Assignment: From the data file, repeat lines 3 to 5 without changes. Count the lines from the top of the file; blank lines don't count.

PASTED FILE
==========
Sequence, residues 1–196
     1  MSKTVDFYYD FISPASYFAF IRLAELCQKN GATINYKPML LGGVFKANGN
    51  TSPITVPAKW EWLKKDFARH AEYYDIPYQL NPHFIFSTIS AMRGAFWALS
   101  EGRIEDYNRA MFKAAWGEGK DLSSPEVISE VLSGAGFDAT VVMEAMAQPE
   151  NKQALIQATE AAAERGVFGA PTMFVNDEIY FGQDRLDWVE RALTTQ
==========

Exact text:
    51  TSPITVPAKW EWLKKDFARH AEYYDIPYQL NPHFIFSTIS AMRGAFWALS
   101  EGRIEDYNRA MFKAAWGEGK DLSSPEVISE VLSGAGFDAT VVMEAMAQPE
   151  NKQALIQATE AAAERGVFGA PTMFVNDEIY FGQDRLDWVE RALTTQ